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Plumbing Poverty as a Social Determinant of Health: Measuring the Effects of Public

Complete and adequate plumbing in people’s homes is a growing concern for Michigan communities and affects poor and minority households disproportionately. The State of Michigan recently committed $1.5 million to a pilot program to fund residential plumbing repairs through the Social Determinants of Health Housing Stability Health Home Pilot Plumbing Repair Assistance program. The Wayne Metro Community Action Agency (Wayne Metro), along with the Human Development Commission and the Northwest Michigan Community Action Agency, has been chosen by the state to participate in the pilot and spend funds to support households in Detroit that lack access to water services. In this project the researchers will work with Wayne Metro to collect information about program participants and measure and track the benefits accrued to participants following plumbing repairs in their homes. Their aims are to 1) Understand the demographic and economic profile of program participants; 2) Measure the multidimensional effects of program participation; and 3) Communicate their findings to participants and state policymakers. They will work collaboratively with Wayne Metro to develop and implement before and after surveys to participants in their residential plumbing repair program. The findings will be used to inform participants of program outcomes; to inform Wayne Metro of program performance; and to communicate program benefits to state policymakers who see these initial investments as a pilot. The researchers will use the findings to develop recommendations for future investments and program structures in the state.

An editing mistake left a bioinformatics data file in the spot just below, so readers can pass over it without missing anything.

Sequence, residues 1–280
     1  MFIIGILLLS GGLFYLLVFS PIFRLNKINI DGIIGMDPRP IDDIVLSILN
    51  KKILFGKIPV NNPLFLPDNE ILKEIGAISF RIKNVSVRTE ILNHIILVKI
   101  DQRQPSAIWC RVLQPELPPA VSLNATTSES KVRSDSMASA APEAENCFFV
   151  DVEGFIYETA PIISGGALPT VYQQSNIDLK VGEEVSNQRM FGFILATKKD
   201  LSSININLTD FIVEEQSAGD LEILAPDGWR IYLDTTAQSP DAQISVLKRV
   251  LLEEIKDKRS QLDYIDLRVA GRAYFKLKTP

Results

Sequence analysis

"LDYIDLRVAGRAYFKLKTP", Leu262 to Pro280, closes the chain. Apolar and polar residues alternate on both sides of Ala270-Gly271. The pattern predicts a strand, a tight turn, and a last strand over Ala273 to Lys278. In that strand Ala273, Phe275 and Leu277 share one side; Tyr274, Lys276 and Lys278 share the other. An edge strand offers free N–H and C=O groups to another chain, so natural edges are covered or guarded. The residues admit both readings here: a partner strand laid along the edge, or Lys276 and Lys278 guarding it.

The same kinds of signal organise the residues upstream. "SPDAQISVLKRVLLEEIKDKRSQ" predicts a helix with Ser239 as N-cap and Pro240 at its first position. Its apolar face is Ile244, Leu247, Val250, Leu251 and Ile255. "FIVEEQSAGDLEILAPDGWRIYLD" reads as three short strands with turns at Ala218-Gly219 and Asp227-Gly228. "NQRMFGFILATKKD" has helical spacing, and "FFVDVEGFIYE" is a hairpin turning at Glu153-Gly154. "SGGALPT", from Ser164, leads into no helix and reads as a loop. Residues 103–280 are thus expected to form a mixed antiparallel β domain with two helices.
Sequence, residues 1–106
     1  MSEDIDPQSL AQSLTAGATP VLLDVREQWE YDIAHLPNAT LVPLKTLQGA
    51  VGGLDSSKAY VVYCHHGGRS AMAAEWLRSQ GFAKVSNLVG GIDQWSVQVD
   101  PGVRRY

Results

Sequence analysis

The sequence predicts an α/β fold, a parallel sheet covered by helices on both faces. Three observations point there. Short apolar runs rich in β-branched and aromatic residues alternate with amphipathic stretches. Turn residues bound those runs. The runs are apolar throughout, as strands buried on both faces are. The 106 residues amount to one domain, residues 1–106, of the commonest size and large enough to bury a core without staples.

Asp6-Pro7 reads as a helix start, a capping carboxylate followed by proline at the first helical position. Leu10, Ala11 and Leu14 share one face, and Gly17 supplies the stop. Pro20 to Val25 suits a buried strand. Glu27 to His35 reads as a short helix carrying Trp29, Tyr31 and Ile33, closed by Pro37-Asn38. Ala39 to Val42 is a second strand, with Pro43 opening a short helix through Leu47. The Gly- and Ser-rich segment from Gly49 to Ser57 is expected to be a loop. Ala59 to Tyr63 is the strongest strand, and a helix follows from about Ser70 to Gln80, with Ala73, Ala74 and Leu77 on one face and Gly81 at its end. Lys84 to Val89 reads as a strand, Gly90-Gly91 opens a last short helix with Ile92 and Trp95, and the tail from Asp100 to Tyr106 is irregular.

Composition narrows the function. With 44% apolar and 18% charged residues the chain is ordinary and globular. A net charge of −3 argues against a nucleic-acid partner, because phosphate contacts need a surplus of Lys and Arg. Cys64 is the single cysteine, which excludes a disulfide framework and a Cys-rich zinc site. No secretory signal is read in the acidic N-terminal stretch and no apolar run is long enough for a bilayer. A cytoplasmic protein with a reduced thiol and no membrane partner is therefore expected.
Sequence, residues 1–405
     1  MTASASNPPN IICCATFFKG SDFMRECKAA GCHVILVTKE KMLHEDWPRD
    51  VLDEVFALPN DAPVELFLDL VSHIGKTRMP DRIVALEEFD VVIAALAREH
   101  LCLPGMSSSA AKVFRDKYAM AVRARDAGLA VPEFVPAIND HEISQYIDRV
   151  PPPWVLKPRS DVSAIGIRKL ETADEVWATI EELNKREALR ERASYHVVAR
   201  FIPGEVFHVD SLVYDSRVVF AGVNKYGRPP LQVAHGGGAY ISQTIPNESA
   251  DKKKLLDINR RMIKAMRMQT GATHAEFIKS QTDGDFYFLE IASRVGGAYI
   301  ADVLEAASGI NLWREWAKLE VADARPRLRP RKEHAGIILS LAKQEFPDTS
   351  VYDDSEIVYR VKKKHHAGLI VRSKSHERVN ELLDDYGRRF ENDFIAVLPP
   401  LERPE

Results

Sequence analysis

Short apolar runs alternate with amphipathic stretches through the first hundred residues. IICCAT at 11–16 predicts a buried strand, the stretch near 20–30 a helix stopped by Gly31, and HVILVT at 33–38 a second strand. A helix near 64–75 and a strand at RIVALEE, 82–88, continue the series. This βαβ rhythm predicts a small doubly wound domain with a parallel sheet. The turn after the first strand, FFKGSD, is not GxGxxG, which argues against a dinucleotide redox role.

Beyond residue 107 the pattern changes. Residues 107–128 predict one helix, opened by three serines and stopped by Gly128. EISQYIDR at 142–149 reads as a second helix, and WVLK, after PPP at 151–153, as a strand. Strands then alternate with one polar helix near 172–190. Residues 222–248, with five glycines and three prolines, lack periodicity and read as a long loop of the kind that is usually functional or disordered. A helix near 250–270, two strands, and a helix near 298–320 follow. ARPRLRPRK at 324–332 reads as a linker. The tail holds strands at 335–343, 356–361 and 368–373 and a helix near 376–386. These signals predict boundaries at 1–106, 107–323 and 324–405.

Sara Hughes, School for Environment and Sustainability